The secret self-portrait hidden in Bosch's 'Garden of Earthly Delights'

The secret self-portrait hidden in Bosch's 'Garden of Earthly Delights'

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'The Garden of Earthly Delights' by Hieronymus Bosch is perhaps one of the strangest artworks of the Northern Renaissance. Filled with fantastical beasts, birds the size of people and other-worldly structures, this isn't your typical religious painting. Made between 1490 and 1500 it is a triptych commissioned by an unknown patron. In the left panel we see God creating Adam and Eve, and in the right panel we are faced with the scene of hell, represented with dark colours, flames, and monstrous creatures. The central panel (pictured) is the most bizarre part of the triptych, depicting sinful temptations on earth. Watch our new film to find out more about this usual work.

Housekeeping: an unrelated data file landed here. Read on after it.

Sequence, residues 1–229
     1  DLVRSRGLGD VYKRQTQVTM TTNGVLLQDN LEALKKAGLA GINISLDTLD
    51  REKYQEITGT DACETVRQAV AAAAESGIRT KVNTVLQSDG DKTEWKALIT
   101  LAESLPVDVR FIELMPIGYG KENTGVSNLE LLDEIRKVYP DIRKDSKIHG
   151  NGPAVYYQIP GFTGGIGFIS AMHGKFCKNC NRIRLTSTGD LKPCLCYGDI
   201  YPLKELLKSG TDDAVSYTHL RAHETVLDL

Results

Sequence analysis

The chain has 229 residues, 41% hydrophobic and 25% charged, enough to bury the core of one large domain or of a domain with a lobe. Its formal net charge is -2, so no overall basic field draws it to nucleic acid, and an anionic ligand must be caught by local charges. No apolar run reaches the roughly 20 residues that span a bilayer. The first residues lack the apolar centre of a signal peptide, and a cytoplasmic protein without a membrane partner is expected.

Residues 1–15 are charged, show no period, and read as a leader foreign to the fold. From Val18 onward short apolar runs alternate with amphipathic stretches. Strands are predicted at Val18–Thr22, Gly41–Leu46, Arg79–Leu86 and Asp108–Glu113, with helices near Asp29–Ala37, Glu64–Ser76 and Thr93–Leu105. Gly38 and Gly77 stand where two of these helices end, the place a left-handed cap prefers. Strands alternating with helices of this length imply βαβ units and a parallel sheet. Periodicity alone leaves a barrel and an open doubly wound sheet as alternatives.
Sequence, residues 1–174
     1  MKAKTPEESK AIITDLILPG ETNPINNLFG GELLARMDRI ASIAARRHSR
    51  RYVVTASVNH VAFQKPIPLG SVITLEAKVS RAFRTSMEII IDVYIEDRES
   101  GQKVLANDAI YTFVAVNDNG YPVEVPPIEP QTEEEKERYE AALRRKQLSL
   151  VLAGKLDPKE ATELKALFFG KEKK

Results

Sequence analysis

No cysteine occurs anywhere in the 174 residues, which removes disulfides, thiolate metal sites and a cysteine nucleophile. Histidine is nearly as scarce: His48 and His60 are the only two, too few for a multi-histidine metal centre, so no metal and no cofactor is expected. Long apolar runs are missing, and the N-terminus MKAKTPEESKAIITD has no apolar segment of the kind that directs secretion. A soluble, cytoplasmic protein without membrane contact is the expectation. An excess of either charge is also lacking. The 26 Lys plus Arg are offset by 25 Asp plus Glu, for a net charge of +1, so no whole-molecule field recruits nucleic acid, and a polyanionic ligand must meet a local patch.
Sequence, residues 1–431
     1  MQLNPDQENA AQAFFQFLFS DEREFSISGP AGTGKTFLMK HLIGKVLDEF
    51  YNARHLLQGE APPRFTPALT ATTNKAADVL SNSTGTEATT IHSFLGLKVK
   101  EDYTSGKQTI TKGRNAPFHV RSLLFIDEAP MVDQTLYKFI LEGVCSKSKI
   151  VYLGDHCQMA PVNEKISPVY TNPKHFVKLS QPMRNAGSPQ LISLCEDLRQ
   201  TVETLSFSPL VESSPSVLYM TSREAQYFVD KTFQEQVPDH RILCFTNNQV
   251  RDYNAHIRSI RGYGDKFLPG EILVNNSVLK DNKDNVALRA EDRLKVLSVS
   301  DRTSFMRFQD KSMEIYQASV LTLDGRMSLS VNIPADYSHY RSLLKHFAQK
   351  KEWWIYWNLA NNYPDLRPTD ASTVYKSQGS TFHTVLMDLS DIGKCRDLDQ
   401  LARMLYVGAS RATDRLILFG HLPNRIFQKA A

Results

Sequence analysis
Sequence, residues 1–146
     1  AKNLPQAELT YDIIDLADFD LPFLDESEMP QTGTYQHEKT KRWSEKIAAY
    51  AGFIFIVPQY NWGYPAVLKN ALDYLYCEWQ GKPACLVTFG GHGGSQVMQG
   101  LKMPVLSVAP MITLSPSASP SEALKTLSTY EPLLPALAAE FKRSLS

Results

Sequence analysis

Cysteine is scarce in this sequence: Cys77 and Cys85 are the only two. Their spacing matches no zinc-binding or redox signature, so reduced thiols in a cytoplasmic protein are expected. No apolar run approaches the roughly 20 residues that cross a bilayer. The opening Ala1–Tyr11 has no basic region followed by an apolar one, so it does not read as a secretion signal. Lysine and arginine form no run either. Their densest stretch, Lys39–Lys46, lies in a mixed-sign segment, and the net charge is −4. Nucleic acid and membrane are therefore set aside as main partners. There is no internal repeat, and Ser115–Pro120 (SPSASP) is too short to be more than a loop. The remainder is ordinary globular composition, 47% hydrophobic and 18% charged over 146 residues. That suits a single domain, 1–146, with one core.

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Did You Know...

'The Garden of Earthly Delights' is full of strange and interesting details. Perhaps the most bizarre creation is in the right panel depicting hell, where we find a creature in the centre of the composition with a human head and egg-like body. Nude figures sit on a table and drink inside his torso, whilst monstrous creatures parade on top of his head. Known as 'Tree Man', the art historian Hans Belting has proposed that the head is in fact a self-portrait of Bosch! The figure, and the rest of the work, was highly influential on the surrealist artists, especially Salvador Dalí. Explore the details of the work online at the Prado's website, by clicking the link below.

The Garden of Earthly Delights, Tree Man Painting by Hieronymus Bosch -  Pixels